I remember sitting in the Labour Party conference hall three years ago. Ed Miliband had just been elected leader and he was giving his first speech. My ears pricked up when he said the following words, and it's worth me quoting them in full:
"Let's be honest, politics isn't working. People have lost faith in politicians and politics. And trust is gone. Politics is broken."
"Its practice, its reputation and its institutions. I'm in it and even I sometimes find it depressing. This generation has a chance - and a huge responsibility - to change our politics. We must seize it and meet the challenge."
I remember thinking 'we've got a leader of the Labour Party who actually gets how bad things are.' But saying something is one thing, doing something to renew politics is quite another.
Three years on and I've just watched his speech to the TUC. It shows that Ed is determined to open up our politics and involve ordinary working men and women in our party.
Anyone who thinks that these people dominate the Labour Party - its selections, elections and decision-making - are not living in the real world. They are barely involved at all, and they certainly don't play a full and proper part of everything that we do.
We urgently have to change that because having a proper relationship with these members would give us access to the biggest and best focus group - one that rival political parties could only dream of.
Involving them more in our party and engaging them in our communities and neighbourhoods could transform our politics. We need to give these hard working people genuine opportunities to get involved in the way their neighbourhoods are run and their communities are represented.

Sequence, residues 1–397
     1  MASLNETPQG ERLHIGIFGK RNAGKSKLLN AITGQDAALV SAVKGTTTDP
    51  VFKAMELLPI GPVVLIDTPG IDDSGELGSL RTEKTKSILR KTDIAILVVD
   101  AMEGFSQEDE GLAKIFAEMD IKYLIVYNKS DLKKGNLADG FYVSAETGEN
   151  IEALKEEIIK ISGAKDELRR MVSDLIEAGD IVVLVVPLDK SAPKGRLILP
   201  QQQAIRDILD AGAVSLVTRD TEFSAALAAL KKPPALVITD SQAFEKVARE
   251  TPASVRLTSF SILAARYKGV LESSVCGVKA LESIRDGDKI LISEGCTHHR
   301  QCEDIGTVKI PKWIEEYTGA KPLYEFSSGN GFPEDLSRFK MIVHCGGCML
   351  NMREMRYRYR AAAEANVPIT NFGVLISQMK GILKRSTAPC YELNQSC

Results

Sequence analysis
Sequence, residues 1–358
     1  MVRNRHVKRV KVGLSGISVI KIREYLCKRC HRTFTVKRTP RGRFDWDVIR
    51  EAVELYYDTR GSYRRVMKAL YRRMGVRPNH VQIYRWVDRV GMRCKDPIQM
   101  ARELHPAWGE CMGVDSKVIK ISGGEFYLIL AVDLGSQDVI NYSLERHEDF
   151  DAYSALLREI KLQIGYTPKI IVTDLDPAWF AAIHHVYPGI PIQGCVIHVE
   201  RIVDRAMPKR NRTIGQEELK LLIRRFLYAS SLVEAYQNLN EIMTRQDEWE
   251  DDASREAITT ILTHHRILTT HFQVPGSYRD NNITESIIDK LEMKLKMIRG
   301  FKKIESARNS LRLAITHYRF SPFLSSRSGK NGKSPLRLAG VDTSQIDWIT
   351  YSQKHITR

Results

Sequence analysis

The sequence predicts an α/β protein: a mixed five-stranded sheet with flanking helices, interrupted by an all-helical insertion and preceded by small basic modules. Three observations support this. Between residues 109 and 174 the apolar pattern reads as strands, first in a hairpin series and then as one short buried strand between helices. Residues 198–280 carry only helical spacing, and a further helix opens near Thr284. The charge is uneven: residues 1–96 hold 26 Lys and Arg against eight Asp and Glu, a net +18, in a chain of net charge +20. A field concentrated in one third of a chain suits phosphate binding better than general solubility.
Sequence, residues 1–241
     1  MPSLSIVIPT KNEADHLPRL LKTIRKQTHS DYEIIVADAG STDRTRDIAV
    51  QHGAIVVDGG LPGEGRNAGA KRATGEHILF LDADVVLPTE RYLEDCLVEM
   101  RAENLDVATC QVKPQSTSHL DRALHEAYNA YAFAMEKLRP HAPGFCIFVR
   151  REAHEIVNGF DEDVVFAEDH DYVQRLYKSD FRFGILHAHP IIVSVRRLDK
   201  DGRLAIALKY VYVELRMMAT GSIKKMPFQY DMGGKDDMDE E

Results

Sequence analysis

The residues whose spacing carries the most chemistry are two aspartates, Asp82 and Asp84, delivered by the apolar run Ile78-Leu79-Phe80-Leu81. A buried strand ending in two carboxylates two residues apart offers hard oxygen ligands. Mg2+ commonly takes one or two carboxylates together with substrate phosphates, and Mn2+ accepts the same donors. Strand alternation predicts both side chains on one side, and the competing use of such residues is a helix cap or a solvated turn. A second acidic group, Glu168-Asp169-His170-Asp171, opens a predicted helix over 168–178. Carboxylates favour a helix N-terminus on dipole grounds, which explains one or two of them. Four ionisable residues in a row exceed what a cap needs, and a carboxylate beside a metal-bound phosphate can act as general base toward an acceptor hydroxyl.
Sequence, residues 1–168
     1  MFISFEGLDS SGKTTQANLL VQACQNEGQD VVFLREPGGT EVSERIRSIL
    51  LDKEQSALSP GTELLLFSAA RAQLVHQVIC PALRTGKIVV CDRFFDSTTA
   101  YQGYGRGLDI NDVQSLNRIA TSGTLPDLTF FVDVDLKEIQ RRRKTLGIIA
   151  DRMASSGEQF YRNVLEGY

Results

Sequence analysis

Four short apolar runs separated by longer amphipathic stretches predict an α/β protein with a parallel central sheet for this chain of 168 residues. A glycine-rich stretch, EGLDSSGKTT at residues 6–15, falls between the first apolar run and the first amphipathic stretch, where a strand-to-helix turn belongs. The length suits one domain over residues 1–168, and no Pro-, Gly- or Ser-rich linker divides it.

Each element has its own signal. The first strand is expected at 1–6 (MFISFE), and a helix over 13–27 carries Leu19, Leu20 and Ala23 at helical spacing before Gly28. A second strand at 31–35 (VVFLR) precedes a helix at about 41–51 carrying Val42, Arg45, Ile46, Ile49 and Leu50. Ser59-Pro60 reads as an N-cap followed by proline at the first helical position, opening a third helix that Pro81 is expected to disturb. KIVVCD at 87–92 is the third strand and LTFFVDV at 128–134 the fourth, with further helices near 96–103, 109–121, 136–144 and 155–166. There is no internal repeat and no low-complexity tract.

That's why it amazes me that we have a prime minister who despises these people.
Ed Miliband's anger at this was plain for all to see. He said;
"How dare he? How dare he insult people, members of trade unions as he does? How dare he write off whole sections of our society? One Nation Conservatives would be turning in their graves if they could hear the nasty, divisive, small-minded rhetoric of the leader of their once great party."
Since becoming an MP I've worked hard to try and understand why people are so disconnected from politics by travelling the country and asking 'why do people hate me?' I concluded that we have to open up politics - make it look and sound more like the people we represent.
Some of my findings surprised me. Given that trust in politics and politicians is at an all-time low, what percentage of people would you expect to be interested in standing for parliament? - One in a hundred? One in 10? In fact, polling carried out for me earlier this year by YouGov (with a sample size of 1633) showed that the answer is nearly one in four. That is much higher than I would ever have imagined.
Just think about that: Nearly one in four people would be interested in standing for Parliament.
But I also heard another message when I talked to people about politics and about becoming a politician - hardly anyone knows how to go about doing it.
Ed said in his speech just before the summer;
"We need to do more, not less, to make individual trade union members part of our party: the three million shop workers, nurses, engineers, bus drivers and construction workers who are members of Labour affiliated trade unions - people from the public and private sector alike."
Their individual voices need to be heard louder and clearer than ever before.
He's right and the other thing that made my ears prick up today was when he said;
"We know from recent experience what happens to political leaders who write off whole sections of a country."
"That's what Mitt Romney did when he talked about the 47% of people who would never vote for him. And look what happened to him. Friends, my job is to make sure that's what happens to David Cameron as well."
Ed, the hard working people of this country will be with you helping you every step of the way.